HIV and Inflammation
Consequences of Inflammation
Changes in biomarker levels reflect physiological processes that can ultimately lead to serious clinical consequences. Not long after the advent of effective combination ART, researchers began to notice that as HIV-positive people lived longer, they were at higher risk for chronic progressive conditions such as cardiovascular disease, kidney disease, bone loss, neurocognitive impairment, and certain non-AIDS-related cancers. Numerous studies have shown that these age-related conditions are associated with elevated levels of inflammation biomarkers. HIV infection has been shown to promote immunosenescence and many people with HIV and their doctors have noted that the virus seems to accelerate aging in general. HIV-positive individuals tend to develop these progressive conditions sooner than their HIV-negative counterparts. For example, people with long-term HIV infection have brain function similar to that of HIV-negative people 15-20 years older, on average, while blood vessel function resembles that of people 10 years older.
Large general population studies have shown that blood levels of inflammatory chemicals involved in atherosclerosis, or "hardening of the arteries," can predict future cardiovascular events. Not coincidentally, these are the same biomarkers linked to cardiovascular events and death in SMART and other studies of people with HIV.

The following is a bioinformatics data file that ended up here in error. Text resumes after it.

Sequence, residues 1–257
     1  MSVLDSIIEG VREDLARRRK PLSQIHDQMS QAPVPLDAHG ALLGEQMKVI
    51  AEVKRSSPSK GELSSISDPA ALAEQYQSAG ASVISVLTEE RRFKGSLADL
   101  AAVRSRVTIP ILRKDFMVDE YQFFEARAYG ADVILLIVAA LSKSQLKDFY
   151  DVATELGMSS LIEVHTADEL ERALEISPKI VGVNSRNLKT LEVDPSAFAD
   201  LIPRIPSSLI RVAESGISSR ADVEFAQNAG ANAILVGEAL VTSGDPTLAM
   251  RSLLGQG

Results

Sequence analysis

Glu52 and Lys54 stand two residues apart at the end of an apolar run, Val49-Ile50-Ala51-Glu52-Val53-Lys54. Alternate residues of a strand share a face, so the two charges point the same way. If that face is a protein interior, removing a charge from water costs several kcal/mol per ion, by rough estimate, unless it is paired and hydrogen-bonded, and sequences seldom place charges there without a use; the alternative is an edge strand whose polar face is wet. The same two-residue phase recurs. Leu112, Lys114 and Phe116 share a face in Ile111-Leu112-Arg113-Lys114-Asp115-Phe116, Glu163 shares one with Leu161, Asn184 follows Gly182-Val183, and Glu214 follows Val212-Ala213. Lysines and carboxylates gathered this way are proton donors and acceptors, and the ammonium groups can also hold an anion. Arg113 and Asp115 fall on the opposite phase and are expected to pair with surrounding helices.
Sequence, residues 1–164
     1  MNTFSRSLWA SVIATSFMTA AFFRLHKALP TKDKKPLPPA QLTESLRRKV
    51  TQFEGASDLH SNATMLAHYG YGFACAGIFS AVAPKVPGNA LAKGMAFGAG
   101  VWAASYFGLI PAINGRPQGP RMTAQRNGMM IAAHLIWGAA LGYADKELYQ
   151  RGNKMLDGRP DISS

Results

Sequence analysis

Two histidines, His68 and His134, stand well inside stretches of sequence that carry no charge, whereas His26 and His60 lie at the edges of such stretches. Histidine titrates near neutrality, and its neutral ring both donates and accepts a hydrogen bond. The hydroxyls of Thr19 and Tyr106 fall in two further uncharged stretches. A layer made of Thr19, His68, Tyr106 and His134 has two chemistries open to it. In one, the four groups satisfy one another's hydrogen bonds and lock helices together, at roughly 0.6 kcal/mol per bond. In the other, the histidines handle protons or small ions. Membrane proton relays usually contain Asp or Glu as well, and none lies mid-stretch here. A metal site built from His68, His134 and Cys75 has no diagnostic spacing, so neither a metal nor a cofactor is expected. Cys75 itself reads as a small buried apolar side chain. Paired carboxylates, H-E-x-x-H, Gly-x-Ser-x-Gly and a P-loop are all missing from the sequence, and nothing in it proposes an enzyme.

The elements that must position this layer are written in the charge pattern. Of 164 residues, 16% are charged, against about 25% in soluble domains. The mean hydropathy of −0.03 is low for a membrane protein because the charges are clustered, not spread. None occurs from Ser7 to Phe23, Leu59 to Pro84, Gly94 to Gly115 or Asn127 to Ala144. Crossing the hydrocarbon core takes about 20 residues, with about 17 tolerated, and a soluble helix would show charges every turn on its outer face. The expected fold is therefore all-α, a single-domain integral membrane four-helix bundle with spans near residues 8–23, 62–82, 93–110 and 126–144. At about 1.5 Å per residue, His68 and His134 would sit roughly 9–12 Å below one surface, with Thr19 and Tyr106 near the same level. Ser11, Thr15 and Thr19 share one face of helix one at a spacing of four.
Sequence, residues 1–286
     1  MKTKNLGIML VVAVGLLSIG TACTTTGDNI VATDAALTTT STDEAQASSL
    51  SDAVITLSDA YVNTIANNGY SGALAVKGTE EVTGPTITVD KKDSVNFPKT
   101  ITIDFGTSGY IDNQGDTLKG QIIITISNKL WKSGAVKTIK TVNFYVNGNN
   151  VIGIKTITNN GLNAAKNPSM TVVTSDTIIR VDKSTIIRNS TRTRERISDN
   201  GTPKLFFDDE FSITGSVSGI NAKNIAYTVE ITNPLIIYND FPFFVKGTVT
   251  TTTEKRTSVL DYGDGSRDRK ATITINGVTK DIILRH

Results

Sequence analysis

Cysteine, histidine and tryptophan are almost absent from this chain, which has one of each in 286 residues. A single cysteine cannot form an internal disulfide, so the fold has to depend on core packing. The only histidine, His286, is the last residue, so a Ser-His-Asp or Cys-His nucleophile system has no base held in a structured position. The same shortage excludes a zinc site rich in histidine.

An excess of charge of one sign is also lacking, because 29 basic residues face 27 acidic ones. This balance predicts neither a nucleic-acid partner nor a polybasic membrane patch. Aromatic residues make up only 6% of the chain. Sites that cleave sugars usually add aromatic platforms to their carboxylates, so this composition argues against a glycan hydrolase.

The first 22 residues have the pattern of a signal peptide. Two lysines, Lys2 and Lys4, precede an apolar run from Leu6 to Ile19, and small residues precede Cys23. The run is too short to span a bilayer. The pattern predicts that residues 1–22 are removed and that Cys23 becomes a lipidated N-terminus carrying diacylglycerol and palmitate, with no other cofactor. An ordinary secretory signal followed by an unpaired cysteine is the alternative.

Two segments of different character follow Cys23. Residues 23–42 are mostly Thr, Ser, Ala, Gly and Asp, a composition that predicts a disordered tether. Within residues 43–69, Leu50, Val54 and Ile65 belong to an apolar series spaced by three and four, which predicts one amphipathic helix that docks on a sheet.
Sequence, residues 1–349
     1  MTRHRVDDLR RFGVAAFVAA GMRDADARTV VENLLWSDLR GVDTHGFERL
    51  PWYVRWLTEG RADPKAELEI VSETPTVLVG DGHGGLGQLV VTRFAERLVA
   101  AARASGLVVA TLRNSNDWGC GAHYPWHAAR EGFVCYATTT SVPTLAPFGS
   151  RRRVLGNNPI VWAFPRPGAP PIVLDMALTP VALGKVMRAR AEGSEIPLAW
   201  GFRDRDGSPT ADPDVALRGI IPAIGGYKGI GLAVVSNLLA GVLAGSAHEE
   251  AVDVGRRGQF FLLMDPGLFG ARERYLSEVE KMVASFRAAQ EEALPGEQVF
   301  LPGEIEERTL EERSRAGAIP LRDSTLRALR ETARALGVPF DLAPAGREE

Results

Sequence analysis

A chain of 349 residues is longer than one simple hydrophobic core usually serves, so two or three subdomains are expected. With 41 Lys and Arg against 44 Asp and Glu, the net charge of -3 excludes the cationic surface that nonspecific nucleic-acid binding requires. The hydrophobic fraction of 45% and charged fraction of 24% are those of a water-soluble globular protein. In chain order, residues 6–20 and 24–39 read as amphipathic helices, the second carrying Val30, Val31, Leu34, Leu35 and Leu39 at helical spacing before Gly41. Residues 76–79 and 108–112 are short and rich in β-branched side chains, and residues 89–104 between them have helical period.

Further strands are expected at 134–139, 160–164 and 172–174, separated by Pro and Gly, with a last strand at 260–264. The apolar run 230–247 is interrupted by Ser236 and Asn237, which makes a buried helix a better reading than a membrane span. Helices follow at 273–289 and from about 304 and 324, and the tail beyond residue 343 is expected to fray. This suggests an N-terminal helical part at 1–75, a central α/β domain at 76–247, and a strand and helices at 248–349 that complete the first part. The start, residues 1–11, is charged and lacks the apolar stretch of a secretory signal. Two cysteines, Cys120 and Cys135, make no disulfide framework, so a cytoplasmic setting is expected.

Observational studies since the advent of ART in the mid-1990s have seen higher rates of cardiovascular disease among people with HIV. This may be attributable to the virus itself, antiretroviral drugs, greater frequency of risk factors such as smoking, or some combination of factors, with inflammation playing a key role.
As described at CROI 2010, Priscilla Hsue and her team at UCSF found that HIV-positive people experienced faster atherosclerosis progression, as measured by intima-media thickness, or thickness of blood vessel walls, than HIV-negative individual over two years. This was the case for people with undetectable viral load on ART and even for elite controllers. People with HIV also had impaired ability of arteries to respond to changes in blood flow. Both measures were associated with inflammation, as indicated by elevated CRP levels.
At the same meeting, Robert Kaplan and colleagues reported that increased carotid artery intima-media thickness and reduced distensibility (ability of blood vessels to expand) were linked to greater CD4 and CD8 cell activation and T-cell senescence in HIV-positive women.
Looking at actual clinical events among patients at Massachusetts General Hospital and Brigham and Women's Hospital in Boston, Triant et al. found that HIV-positive people with high CRP had four times greater risk of myocardial infarction than HIV-negative people with normal CRP. More recently, Phyllis Tien and fellow investigators with the Fat Redistribution and Metabolic Change in HIV Infection (FRAM) study reported that HIV-positive people with elevated CRP and fibrinogen had a significantly higher risk of death over five years.
While the detrimental effects of inflammation have been most clearly demonstrated for cardiovascular disease, similar associations are seen for cognitive impairment, non-AIDS-related cancer, and other progressive age-related conditions.